Cap-and-trade exposed as huge tax hike for middle America

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Winningreen Issue Alert       A031009

Cap-and-trade gets exposed for what it is:  huge tax hike for middle America

By Gretchen Randall

  March 10, 2009

Issue:   The Obama administration plans to use cap-an-trade legislation to increase the federal coffers by taxing CO2 emissions from industries ostensibly to fund alternative energy research.   Obama’s budget projects receipts to the federal government of $646 billion by 2019 from selling “credits” to industries that emit CO2.

Some industry leaders backed cap-and-trade legislation last year hoping that they would not have to pay for all of their emissions but have since realized that they will have to buy “credits” for all their emissions thus raising costs considerably. James Rogers, the CEO of Duke Energy, one of the largest producers of coal-fired electricity, said the Obama budget plan would raise electricity costs in states that have coal-fired electricity plants (much of the Midwest, South and Plains) by 40 percent. California, home of Speaker of the House Nancy Pelosi, would be hurt less because its utilities use less coal.

It appears that, gradually, a few in Congress, the media and industry are realizing the damage to the economy  Obama’s plan will have.  Here are a few of the examples:

Cap-and-trade’s cost to workers:  Sen. Sherrod Brown (D-Ohio) said in The Hill newspaper, “Obama’s plan would lead to an increase in energy costs and would drive American firms abroad.  It really does say to manufacturing, ‘Go to China, where they have weaker environmental standards.  And that’s a very bad message in bad economic times — in any economic times.”

Cap-and-trade’s cost to manufacturers:
  “President Barack Obama's proposed cap-and-trade system on greenhouse gas emissions is a giant economic dagger aimed at the nation's heartland -- particularly Michigan. It is a multibillion-dollar tax hike on everything that Michigan does, including making things, driving cars and burning coal.  The carbon tax will be paid by energy companies, manufacturers and public utilities, who will pass the cost on to their consumers. Michigan will be especially targeted. It gets 60 percent of its electric power from coal plants, and the state's economy is still reliant on heavy manufacturing such as car and truck assembly and auto parts production.”   Detroit News editorial :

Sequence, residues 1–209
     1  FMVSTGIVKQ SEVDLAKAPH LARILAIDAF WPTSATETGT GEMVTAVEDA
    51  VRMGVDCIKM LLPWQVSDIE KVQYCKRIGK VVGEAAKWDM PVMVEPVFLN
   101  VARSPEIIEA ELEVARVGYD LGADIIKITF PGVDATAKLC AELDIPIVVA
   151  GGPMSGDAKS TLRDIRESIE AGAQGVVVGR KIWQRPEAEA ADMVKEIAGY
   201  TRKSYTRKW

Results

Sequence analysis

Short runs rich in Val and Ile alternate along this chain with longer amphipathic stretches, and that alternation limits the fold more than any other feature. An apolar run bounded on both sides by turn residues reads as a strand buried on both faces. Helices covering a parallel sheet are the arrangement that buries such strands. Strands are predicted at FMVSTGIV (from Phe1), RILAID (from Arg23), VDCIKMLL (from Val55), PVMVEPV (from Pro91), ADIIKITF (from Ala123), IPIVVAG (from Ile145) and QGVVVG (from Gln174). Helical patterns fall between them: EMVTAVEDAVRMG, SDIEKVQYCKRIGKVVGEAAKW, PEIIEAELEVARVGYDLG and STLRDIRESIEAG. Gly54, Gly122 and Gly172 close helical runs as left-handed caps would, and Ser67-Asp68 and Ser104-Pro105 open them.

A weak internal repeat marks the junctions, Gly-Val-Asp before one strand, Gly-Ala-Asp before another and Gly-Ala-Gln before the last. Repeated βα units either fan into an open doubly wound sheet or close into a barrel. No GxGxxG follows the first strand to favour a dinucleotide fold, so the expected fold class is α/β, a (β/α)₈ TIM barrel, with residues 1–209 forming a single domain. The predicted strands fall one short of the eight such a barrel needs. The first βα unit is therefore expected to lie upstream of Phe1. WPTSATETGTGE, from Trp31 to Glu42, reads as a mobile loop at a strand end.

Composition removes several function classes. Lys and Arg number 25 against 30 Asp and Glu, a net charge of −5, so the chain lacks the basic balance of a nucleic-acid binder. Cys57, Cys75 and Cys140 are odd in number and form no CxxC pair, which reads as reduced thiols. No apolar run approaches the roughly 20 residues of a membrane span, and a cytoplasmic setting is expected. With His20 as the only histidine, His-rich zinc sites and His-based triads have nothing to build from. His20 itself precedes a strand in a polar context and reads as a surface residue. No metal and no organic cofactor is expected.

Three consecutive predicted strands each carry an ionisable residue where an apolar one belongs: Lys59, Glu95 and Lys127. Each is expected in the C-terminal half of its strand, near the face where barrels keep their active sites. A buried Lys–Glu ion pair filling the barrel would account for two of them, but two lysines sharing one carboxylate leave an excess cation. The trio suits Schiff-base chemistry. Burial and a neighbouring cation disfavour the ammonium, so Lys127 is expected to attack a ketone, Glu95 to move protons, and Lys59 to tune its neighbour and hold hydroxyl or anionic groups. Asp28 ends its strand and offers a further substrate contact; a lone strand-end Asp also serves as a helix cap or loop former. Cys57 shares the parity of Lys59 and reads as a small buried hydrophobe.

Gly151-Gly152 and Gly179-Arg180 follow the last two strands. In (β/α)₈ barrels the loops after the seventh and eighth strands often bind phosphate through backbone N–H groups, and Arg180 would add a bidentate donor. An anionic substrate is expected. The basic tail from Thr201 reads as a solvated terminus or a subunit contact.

Cap-and-trade’s cost to consumers:  “Put another way, the cap-and-trade approach is the equivalent of a permanent tax increase for the average American household, which was estimated to be $1,100 in 2008, would rise to $1,437 by 2015, to $1,979 in 2030, and $2,979 in 2050.” from “The Cost of Climate Regulation for American Households” study just released by the Marshall Institute at:

Cap-and-trade’s cost to utilities: Warren Buffet, an Obama supporter, acknowledged in a CNBC TV interview this week that cap-and-trade means a tax on utilities which will be passed on to its customers saying, “It’s a tax hike like anything else.”

Cap-and-trade’s effect on fly-over country:  “Coal provides more than half of U.S. electricity, and 25 states get more than 50% of their electricity from conventional coal-fired generation. In Ohio, it totals 86%, according to the Energy Information Administration. Ratepayers in Indiana (94%), Missouri (85%), New Mexico (80%), Pennsylvania (56%), West Virginia (98%) and Wyoming (95%) are going to get soaked.”  Wall St. Journal chart on emissions of coastal states vs. middle America:

Cap-and-trade’s boon to a boondoggle Congress:  “An economy-wide tax under the cover of saving the environment is the best political moneymaker since the income tax. Obama officials are already telling the press, sotto voce, that climate revenues might fund universal health care and other new social spending.” Excerpt from “Who Pays for Cap and Trade?"

Contact: Gretchen Randall
Winningreen LLC
3712 N. Broadway – PMB 279
Chicago, IL 60613
Phone: 773-857-5086